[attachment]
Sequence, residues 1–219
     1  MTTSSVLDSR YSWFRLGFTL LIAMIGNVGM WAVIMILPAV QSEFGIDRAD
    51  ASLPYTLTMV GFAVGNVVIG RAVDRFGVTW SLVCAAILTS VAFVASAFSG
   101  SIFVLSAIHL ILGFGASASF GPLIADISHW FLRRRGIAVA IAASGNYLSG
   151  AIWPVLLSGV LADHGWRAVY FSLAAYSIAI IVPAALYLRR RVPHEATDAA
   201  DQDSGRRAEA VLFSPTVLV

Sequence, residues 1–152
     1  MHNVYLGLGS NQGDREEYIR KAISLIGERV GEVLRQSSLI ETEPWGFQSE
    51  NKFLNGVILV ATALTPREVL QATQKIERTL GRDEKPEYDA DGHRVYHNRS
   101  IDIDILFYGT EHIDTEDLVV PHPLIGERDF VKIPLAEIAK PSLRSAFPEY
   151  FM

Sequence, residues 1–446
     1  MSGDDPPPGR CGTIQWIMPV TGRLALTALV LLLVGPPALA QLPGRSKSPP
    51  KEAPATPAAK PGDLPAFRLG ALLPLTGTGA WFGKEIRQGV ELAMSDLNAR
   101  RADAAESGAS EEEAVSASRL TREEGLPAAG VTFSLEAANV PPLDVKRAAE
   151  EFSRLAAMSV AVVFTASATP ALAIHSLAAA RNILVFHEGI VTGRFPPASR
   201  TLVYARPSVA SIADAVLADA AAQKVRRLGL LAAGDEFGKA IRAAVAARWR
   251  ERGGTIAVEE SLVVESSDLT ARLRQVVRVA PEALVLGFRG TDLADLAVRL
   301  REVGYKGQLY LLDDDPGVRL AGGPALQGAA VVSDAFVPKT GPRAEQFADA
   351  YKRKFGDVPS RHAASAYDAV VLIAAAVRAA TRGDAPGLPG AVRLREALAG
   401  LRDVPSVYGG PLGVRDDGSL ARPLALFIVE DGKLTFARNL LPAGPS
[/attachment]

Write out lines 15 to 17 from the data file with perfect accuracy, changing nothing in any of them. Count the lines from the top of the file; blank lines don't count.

   101  RADAAESGAS EEEAVSASRL TREEGLPAAG VTFSLEAANV PPLDVKRAAE
   151  EFSRLAAMSV AVVFTASATP ALAIHSLAAA RNILVFHEGI VTGRFPPASR
   201  TLVYARPSVA SIADAVLADA AAQKVRRLGL LAAGDEFGKA IRAAVAARWR